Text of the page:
I think we need to define what we mean by “proof.” When that word is used, there is often the implied idea that it entails a type of certainty. For instance, most people tend to think that in order to “prove” something is the case, one needs to have hard, indisputable evidence for it—maybe like empirical evidence, something a person could see or touch, maybe even video evidence or something like that. We might call this “scientific evidence”–evidence that can be tested, verified, falsified. Of course, empirical evidence like this would indeed constitute “proof” in certain situations. If, for example, I am inquiring into whether or not a man named Jones committed a crime, and there was DNA evidence found at the scene of the crime that can be linked back to Jones, then I would have some “proof”—some would say I could even be fairly certain—that he is in fact guilty of the crime in question. The problem, however, is that I don’t think the question of God’s existence needs to be narrowed down to the mere category of “scientific proof” like this. We need a broader category to work with. That is, I think we need to talk about knowledge in general.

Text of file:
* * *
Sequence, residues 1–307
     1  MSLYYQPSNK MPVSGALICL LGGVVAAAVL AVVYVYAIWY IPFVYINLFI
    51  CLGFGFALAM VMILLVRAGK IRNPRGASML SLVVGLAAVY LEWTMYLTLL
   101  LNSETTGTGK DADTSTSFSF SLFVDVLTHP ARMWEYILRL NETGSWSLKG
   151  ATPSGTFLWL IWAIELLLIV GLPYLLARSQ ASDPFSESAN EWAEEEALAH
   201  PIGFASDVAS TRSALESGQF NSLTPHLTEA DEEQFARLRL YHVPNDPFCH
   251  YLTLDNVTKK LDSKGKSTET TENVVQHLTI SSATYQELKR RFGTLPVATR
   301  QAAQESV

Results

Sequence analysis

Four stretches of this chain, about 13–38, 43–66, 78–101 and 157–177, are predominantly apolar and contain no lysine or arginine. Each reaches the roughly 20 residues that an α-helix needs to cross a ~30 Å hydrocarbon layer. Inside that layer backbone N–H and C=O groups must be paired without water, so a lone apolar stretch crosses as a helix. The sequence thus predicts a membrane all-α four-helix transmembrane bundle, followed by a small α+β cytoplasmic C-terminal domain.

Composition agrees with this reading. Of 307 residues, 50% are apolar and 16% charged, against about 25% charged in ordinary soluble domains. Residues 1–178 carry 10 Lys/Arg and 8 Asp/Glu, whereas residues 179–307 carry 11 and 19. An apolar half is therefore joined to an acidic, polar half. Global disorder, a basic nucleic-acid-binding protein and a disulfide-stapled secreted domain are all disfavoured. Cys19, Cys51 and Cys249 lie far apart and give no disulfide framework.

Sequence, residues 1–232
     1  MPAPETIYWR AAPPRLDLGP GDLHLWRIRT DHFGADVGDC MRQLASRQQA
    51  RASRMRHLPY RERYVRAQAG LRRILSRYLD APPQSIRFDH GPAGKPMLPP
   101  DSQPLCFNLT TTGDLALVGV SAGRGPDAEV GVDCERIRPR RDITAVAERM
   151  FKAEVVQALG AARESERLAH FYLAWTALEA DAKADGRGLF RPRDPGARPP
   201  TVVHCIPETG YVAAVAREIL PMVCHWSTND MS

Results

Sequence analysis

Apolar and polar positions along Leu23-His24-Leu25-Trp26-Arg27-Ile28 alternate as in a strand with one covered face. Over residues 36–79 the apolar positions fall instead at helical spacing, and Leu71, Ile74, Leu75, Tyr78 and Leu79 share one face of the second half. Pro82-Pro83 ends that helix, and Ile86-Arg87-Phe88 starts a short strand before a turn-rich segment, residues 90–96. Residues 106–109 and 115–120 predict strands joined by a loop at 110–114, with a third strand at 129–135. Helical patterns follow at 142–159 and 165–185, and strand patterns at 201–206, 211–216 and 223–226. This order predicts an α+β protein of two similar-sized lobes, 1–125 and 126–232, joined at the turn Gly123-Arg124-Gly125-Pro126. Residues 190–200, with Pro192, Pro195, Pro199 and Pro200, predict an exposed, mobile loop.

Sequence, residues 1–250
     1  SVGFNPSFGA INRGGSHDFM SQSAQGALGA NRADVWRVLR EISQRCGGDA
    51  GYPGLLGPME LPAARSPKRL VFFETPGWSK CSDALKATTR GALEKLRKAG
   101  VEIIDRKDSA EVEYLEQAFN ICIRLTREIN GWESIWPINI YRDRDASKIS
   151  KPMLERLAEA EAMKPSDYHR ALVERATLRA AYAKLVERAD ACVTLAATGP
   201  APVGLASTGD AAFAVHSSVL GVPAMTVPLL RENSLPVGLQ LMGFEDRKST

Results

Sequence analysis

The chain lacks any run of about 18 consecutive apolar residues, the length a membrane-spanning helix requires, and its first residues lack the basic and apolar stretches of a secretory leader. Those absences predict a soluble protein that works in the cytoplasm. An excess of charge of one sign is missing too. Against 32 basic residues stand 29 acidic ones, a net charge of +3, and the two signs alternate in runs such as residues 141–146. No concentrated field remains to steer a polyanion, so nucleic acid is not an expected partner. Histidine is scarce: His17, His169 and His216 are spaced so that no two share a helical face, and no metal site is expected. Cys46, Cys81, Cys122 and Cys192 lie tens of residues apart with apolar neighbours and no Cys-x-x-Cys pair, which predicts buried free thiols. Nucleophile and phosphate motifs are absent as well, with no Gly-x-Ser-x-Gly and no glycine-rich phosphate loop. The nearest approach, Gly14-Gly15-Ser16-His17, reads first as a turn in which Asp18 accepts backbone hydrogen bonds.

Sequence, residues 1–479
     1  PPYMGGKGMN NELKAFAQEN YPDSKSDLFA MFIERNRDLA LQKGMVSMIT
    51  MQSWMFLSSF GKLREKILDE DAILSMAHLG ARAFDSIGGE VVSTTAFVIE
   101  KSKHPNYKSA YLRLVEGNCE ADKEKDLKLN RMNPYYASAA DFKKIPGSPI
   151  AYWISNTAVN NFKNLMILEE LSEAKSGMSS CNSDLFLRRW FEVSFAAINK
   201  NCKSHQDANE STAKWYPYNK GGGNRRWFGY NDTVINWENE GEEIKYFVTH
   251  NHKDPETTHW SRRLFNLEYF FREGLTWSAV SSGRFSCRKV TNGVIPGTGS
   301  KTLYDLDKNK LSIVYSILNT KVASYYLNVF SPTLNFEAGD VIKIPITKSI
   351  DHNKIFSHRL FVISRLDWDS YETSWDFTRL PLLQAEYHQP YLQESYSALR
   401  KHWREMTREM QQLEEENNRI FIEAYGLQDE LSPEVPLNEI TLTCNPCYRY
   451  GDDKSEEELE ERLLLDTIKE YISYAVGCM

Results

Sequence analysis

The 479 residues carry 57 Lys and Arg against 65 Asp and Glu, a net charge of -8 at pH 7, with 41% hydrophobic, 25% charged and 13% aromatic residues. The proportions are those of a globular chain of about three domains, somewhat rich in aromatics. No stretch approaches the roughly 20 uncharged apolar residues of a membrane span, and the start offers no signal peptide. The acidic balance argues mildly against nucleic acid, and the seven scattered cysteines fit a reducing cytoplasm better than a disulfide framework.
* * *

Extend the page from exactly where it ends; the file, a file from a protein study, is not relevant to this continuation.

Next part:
When we say a person “knows” this or that thing, is hard evidence always entailed? Is this sort of proof always a necessary requirement? I don’t think so. Here’s why: There are many things that people claim to know (and can claim with confidence, I might add) without ever having “scientific proof” or even certainty. For example, suppose a guy named Sam was born on March 1, 1980, and suppose further that he knows this is his birthday. But how does he “know” he was born on that date? Can Sam be absolutely certain about knowing this? Well, no. After all, what if his parents were lying to him? What if his parents were part of a grand scheme to deceive him, making him think he is, in fact, two years older than he really is? At any rate, how could Sam ever discover with certainty—using scientific evidence—that he was truly born on March 1, 1980? Perhaps, he could find the doctor who delivered him, and maybe the doctor could confirm the date of his birth. But how is this “scientific proof” in the sense of certainty? Could it not be possible that the doctor, too, was part of the conspiracy? Does showing him the birth certificate help? Hardly. It could have been forged, after all. How can Sam, then, ground his knowing the date of his birthday? How can he ever claim to “know” when his birthday is? Better yet, how can you know when your birthday is? The truth is that everyone bases many of their fundamental knowledge claims not merely upon scientific-empirical evidence or even certainty, but rather upon reliability. So, you can claim to “know” that your birthday is the date it is because you presume from the outset the reliability of your parents’ testimony and of the birth certificate as an historical document. Of course, this is far from “certainty” in the proper sense of the word. (As said above, it could be the case that your parents are lying for some nefarious reason. You cannot simply appeal to a birth certificate as “empirical proof” since that document could have been fabricated.) But even though you cannot prove when you were born, this does not mean it is irrational to say you “know” when you were born. Proof, in this sense, isn’t a requirement for knowledge.